Home Miscellaneous and Curious The Real Helena Star Story; Pot, Sailboat Racing, Environmental Impact and Tee Shirts

The Real Helena Star Story; Pot, Sailboat Racing, Environmental Impact and Tee Shirts

by Editor

Ed. Note: As the Helena Star is being broken up for scrap as part of Washington State’s Derelict Vessel Program, she’s prompted memories to bubble up for many nwyachting.com readers. Our friend Al Johnson has dug into his memory banks and other sources to tell us the whole story. By the way, if you happen to have one of those Helena Star tee shirts from that year’s Swiftsure, it would be wonderful if you could snap a picture and send it our way.


Helena Star on (and mostly in) the Hylebos Waterway.

By Al Johnson

News reports in late July of the derelict freighter Helena Star being towed to Seattle to be scrapped brought back memories from the 1970s of a famous Seattle race boat, and how it became involved in the then biggest drug bust in US history.

Let’s begin at the beginning. In the mid 1970’s, one of the big boats racing on Puget Sound was Joli, a dark blue C&C 61. She was owned by Bill Niemi (president of Eddie Bauer). Niemi raced her in local races plus a couple of Vic Maui races, including a first to finish in 1974 when he set a new elapsed time record.


Helena Star being raised and de-watered.

He put Joli up for sale a few years later, but no one wanted to buy her for the asking price in a conventional deal. Enter a local ski champion named Mike Lund. Lund was willing to pay the price and was able to make a large down payment, but needed Niemi to finance the sale. Niemi agreed to take a $55,000 down payment, and to finance the $230,000 balance.

Joli was moored in San Diego, so buyer and seller met there in summer of 1977. Imagine Niemi’s surprise when Lund’s down payment came in the form of a brief case containing $55,000 in used $20 bills. Oh well – sometimes it’s best not to ask too many questions. Lund sailed Joli back to his home in Sequim, and waited for the next chapter in the adventure.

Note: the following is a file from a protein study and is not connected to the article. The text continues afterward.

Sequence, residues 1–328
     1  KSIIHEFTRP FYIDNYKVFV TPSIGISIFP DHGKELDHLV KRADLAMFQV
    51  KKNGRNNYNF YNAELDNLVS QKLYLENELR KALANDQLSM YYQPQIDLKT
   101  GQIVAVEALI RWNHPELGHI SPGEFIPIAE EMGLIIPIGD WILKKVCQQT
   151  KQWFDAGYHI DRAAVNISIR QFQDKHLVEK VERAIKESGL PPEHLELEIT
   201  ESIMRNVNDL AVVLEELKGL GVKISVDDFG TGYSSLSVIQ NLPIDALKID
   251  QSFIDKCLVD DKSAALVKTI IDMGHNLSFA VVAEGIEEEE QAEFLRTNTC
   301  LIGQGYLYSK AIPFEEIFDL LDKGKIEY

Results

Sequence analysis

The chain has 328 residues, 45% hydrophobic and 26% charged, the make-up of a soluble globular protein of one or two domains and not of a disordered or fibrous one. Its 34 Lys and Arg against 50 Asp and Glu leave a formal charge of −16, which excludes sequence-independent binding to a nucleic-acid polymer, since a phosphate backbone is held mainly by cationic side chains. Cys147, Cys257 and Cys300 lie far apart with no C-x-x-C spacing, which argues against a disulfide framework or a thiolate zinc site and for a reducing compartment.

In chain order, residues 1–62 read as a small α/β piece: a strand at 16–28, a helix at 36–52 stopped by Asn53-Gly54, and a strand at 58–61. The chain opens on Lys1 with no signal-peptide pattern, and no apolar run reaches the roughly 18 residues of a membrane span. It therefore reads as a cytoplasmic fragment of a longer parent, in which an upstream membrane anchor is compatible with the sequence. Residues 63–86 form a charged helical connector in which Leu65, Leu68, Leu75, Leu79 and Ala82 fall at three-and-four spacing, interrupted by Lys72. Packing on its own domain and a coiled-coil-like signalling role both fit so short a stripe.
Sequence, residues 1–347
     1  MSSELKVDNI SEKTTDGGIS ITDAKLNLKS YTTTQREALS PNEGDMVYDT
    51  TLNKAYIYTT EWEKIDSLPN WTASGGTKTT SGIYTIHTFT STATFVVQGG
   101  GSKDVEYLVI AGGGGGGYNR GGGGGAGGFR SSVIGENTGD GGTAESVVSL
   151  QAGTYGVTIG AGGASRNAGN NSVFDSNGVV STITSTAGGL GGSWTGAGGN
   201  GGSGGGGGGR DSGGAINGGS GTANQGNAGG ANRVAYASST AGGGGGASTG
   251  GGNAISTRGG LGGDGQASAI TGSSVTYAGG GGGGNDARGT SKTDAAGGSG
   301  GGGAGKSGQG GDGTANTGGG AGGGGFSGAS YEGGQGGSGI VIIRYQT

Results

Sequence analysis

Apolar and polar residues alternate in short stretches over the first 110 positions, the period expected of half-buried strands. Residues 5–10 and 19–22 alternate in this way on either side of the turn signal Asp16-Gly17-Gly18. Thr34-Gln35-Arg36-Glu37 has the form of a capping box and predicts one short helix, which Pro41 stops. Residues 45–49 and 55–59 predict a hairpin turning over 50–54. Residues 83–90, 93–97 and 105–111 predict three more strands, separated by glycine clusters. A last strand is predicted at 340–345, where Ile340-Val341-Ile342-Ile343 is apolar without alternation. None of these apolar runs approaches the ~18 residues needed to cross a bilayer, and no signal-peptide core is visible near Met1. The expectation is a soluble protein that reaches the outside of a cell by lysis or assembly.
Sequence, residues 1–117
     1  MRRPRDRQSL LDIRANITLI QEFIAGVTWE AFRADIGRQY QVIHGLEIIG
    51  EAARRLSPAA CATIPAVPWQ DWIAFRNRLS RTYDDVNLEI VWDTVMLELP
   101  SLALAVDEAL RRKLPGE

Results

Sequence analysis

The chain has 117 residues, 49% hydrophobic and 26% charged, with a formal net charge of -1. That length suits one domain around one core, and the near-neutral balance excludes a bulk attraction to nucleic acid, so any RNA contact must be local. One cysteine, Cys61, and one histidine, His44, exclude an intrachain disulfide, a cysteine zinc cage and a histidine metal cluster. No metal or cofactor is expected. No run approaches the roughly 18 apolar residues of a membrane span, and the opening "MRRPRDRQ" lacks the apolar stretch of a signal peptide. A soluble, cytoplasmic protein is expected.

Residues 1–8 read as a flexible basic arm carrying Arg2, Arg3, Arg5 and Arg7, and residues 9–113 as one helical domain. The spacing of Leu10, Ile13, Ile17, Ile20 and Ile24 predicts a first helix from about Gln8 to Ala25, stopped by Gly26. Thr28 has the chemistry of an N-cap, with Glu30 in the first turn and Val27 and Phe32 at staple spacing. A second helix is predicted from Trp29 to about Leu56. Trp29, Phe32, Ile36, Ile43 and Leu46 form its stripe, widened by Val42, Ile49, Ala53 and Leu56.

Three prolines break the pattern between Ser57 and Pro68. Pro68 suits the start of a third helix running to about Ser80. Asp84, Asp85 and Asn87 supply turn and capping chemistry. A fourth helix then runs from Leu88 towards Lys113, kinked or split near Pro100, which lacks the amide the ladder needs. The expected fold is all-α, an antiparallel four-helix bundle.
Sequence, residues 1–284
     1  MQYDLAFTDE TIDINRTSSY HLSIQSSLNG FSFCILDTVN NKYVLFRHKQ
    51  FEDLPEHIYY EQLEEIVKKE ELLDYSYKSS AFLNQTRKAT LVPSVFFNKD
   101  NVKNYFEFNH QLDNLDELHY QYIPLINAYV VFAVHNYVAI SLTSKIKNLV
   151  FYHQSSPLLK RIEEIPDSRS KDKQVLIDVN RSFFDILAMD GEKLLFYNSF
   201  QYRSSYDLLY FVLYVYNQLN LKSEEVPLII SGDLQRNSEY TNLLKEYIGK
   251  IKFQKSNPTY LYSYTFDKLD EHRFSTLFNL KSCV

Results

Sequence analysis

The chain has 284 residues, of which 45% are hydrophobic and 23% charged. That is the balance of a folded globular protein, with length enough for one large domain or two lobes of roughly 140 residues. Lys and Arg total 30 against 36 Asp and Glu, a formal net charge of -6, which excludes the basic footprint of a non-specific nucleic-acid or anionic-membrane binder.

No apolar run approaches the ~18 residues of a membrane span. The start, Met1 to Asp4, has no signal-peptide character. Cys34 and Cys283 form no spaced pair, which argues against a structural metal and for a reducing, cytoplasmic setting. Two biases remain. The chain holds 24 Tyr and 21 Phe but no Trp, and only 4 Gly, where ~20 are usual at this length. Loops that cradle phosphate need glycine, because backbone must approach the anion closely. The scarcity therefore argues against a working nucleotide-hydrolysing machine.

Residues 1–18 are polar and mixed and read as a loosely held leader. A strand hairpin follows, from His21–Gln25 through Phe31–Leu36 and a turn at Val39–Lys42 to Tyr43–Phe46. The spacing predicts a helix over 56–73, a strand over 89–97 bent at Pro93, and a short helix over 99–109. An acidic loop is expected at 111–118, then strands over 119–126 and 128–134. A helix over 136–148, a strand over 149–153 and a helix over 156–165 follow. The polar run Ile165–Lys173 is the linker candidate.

The next chapter happened in spring 1978. Enter the Helena Star, an aging freighter that was too small to be economically viable. However, with the right cargo, she could still turn a profit. The cargo turned out to be 37 tons of marijuana from Colombia, with a street value of $75 million in 1978 dollars.

The plan was for the Helena Star to “park” off the Washington coast, and for Lund and friends to use Joli to carry the marijuana into Neah Bay. It isn’t clear how many trips (or weeks) this was going to take, or how they were going to transfer 37 tons of pot from the freighter to Joli. However, they didn’t have to actually work through that, since the Coast Guard intercepted the Star 130 miles off the coast on April 17, 1978.

The C&C 61 Triumph, seen here on the Great Lakes in the 1980s, was reported to be the ex-Joli.

The C&C 61 Triumph, seen here on the Great Lakes in the 1980s, was reported to be the ex-Joli.

Mike Lund and his girlfriend Patricia Karnick heard about the Coast Guard bust on the radio and started driving south. She “dumped him out somewhere in Oregon” and then continued to California, where she was eventually captured. However, Lund appeared to have disappeared from the face of the earth. The speculation in the Seattle sailing community was that the drug cartel that fronted the money for this misadventure had killed him for screwing up, and that he was swimming with the fishes.